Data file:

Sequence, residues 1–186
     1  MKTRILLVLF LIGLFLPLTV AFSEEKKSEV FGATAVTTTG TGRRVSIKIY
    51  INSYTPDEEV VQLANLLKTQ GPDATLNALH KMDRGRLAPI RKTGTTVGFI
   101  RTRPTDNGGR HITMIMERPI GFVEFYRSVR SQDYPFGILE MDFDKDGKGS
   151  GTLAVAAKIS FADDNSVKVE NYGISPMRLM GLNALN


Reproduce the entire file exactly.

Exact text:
Sequence, residues 1–186
     1  MKTRILLVLF LIGLFLPLTV AFSEEKKSEV FGATAVTTTG TGRRVSIKIY
    51  INSYTPDEEV VQLANLLKTQ GPDATLNALH KMDRGRLAPI RKTGTTVGFI
   101  RTRPTDNGGR HITMIMERPI GFVEFYRSVR SQDYPFGILE MDFDKDGKGS
   151  GTLAVAAKIS FADDNSVKVE NYGISPMRLM GLNALN